Most of what I teach is from a working actor's perspective, and many of my insights and my approach to training actors are based on the technique and terminology developed by David Rotenberg over the past two decades.
      This style of the acting is a genre that has come to be called "cinematic naturalism," which borrows heavily from Zola's earliest influence on silent films and on the literary term Strindberg defines in the foreword to Miss JulieNaturalism has evolved rapidly since cinema has been an art form; however, we can clearly see this genre/style grow from the late 1930's "talkies" to present day, where Jimmy Stewart, Spencer Tracy and Marlon Brando show us performances that still resonate with modern audiences, even as the film around them "pretends" or may be "dated" by its style of storytelling.
      Today acting on stage and acting on-camera have almost become different skill sets.  TV audiences are more informed and sophisticated now than they have ever been, even as a large portion of the North American population has never read nor seen a actual stage play.  (This might seem a strange thing to ponder as a resident of Stratford, Ontario.)
      What has become "good TV", what is plausible and real to the average audience member, is held to a much higher standard -- when it is a fictional, dramatic performance.  Reality TV is a different animal entirely, and is perhaps definitive proof that audiences require something "better", something more compelling.  Unfortunately, what is "real" to us has now been skewed by this abomination, which is glorified voyeurism, and requires no actual talent to produce.  Reality TV is scripted, pretended life sold to us as documentary, and must not be confused with actual documentaries, which capture life in it's rawest and sometimes most compelling form.   canon xl2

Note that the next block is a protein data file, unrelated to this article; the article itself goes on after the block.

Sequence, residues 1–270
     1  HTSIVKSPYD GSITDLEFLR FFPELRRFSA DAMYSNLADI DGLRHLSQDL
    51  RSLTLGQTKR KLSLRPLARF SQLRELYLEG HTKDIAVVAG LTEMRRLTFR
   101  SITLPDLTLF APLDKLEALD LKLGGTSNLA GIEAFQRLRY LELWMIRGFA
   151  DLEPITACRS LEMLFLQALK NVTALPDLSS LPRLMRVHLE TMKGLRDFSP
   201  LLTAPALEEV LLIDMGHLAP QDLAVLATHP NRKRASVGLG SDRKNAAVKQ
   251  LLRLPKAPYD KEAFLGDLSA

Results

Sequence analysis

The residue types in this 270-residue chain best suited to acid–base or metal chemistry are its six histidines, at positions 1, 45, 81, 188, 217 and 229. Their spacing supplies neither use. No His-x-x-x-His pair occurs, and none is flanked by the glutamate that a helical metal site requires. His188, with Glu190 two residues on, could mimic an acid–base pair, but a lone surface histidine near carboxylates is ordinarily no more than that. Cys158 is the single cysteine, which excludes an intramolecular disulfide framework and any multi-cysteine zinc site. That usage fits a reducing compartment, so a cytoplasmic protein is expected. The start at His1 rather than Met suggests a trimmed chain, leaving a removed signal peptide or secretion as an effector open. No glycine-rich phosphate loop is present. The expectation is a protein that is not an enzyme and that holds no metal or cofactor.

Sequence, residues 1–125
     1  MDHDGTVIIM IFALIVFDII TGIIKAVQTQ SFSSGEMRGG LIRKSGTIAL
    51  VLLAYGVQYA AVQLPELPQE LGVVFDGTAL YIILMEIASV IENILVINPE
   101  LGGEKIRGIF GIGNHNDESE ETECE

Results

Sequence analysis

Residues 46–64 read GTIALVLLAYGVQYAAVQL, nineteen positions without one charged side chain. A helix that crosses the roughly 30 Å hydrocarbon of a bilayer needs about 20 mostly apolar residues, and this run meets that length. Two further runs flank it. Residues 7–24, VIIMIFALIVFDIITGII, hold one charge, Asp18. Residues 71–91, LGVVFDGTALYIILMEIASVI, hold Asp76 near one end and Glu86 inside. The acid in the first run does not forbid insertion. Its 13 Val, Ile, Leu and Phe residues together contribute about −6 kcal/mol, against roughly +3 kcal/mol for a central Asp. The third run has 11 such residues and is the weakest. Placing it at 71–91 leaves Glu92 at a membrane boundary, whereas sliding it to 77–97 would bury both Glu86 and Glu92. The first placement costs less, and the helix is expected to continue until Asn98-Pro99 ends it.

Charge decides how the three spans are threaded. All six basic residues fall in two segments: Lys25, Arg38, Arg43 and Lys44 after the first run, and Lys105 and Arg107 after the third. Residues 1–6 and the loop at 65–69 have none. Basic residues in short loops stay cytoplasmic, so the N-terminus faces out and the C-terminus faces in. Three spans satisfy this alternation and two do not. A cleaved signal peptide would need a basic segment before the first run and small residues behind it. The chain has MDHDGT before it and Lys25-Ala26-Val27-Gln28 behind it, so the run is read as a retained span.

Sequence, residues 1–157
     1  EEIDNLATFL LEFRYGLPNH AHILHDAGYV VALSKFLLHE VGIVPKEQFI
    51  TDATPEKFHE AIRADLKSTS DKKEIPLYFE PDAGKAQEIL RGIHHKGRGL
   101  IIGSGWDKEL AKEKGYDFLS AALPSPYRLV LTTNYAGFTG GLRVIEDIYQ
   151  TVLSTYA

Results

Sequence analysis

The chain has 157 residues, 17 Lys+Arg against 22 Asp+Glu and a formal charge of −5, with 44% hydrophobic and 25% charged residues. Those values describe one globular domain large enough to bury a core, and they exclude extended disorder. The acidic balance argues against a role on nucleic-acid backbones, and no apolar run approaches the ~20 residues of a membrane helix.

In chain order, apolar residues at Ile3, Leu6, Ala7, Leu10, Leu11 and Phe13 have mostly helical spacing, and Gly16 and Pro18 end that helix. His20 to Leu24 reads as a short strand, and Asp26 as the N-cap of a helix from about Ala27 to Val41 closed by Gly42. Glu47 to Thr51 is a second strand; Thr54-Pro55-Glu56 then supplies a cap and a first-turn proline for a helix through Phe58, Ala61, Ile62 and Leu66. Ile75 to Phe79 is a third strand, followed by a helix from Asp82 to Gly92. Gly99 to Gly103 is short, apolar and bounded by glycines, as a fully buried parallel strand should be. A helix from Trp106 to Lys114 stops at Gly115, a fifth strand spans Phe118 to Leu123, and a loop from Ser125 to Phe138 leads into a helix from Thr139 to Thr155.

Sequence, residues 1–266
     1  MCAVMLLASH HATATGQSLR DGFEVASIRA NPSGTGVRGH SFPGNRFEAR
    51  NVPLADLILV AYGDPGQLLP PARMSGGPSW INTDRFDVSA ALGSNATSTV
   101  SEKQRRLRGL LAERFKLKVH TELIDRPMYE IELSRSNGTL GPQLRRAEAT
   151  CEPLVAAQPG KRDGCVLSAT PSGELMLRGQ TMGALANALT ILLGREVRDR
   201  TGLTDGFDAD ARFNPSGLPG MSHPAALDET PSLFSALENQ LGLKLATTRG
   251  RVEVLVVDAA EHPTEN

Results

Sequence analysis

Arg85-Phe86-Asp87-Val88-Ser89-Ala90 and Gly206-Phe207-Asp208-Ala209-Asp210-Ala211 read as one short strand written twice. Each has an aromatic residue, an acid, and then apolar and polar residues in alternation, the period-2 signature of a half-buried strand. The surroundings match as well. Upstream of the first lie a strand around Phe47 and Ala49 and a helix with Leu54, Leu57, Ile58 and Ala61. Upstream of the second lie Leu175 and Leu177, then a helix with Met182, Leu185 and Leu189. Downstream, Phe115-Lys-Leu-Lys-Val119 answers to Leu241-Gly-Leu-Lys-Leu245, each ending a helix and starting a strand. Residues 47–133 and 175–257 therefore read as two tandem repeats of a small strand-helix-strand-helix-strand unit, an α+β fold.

As a result of Reality TV's influence and the gaming culture that now dominates younger generations, audiences and actors alike have been led to believe that acting is "supposed to be easy," and that a talent lies within each of us in a set quantity.
     With this I take exception: Talent is only one aspect of an actor's success.  Acting remains a great craft, a worthy pursuit, which requires discipline, self-understanding, imagination, life-long commitment, and, of course, luck.
       "You have to be good to be lucky" is an expression that resonates for me as an actor and performer.  The reason to come to class is to practice, so the hit-ratio and the bookings increase.  Too many factors are involved in casting a film or TV show.  We must stay simply with what we can control: be prepared, be grounded, come in with compelling choices, really see your reader, and of course, play!  

Many of the acting concepts and terminology Marvin Hinz has referenced above are © David Rotenberg.